2007, the Year of Breakthrough

In 2007 the Belgian blogosphere got a serious boost. There was information 2007, a conference organized by the VVBAD (Flemish Society for Libraries, Archives and Documentation Centres) at the University of Ghent about web and library 2.0 and in the slipstream a great number of public libraries started to explore the possibilities of blogging: Blog Bibliotheek Kortrijk, Biblog Lommel and ‘Blog bibliotheek Malle‘. In Wallonie these public library blogs are regrouped in Centre de Ressources des Espaces Publics Numériques de Wallonie. Those blogs bring a great variety of topics about the cultural activities, service and collections in their public libraries. Another new blog is ‘The Flemish librarian‘, a blog from Karolien Selhorst. She works in a Dutch library in Vlissingen (the Netherlands). This blog is certainly worth reading, although the frequency of posting is rather low. is dealing with ICT, technology, media and library related topics. Very professional and sec, written by Johan Mijs.

There are no boundaries in the blogosphere so we see the Flemish librarians join up the colleagues in the Netherlands, on the social network bibliotheek 2.0. The same phenomena happen in the French speaking part of Belgium, with the network of Bibliothèque and Bibliopedia, uniting all the French-speaking library blogs.

Finally, one of my favourite Belgian blogs is ‘Commissaresse‘, and it is written by a non-librarian (I rest my case). This blog has an original concept. Eva Simon – who is actually a teacher at the Library school of Ghent – is playing on her blog a detective who is looking for clues of library 2.0 implementation in Flanders. Highly recommended. She also put together a blogroll, i.e. a list of library blogs. This list is up to date mainly consisted by blogs from the Netherlands. It proves that Belgium has still a long way to go with capturing the web 2.0 participation and discussion spirit. It’s difficult to give a valuation of the degree of utilisation already. But it’s clear that blogs with a personal and original touch will capture on the long run more readers.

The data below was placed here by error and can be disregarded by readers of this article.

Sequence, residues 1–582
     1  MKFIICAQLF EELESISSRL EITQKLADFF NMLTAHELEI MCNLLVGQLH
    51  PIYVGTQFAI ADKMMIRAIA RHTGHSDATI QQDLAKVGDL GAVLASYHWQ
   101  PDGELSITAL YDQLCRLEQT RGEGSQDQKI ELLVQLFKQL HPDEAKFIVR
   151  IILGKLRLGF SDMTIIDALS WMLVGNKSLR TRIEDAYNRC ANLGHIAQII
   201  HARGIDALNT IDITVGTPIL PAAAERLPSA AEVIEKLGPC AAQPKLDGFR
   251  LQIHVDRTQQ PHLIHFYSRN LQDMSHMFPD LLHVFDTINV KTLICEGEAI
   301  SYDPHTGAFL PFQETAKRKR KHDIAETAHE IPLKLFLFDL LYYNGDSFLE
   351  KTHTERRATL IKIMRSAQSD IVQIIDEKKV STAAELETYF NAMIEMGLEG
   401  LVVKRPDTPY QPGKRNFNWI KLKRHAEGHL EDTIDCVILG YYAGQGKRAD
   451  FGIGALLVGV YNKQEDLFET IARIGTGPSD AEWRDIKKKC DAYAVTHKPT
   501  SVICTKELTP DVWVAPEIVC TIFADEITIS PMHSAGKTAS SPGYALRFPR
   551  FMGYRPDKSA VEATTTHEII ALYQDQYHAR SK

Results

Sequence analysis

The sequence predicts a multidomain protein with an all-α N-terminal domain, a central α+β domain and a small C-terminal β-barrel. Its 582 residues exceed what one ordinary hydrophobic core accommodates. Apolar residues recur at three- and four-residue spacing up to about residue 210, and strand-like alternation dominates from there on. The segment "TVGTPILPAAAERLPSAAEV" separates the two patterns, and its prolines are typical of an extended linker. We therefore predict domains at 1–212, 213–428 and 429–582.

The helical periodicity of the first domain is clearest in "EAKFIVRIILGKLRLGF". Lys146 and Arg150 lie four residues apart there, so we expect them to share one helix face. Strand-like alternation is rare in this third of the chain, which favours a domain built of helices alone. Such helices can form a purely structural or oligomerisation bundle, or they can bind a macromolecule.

A virtual world of possibilities

The advantages for library staff to keep blogging are undeniable despite the arguments of ‘the annoyed librarian’ in her sarcastic A Librarian’s Anti-2.0 Manifesto. Blogging is a flexible, easy way to communicate with library users and colleagues about the integration of innovative library 2.0 features. For the public libraries it seems necessary to integrate their data in popular social network applications such as Facebook, My Space or Flickr. Scientific and research libraries on the other hand should focus on RSS, wikis and open content repositories.
The federal Belgian research libraries have already realized a common catalogue via, containing over 3 000 000 titles. The next step should be to make this catalogue interactive, allowing users to tag and make reviews, suggestions etc. The ultimate ambition: constructing a central catalogue with a fully accessible library’s collection, a virtual place where one can not only search for books and articles, but also interact with a social community, the librarians, and share knowledge – and why not – wisdom. Librarians in blog have the mission to keep the flame of this innovative revolution burning. Laurent Meese (Brussels, 29/02/08)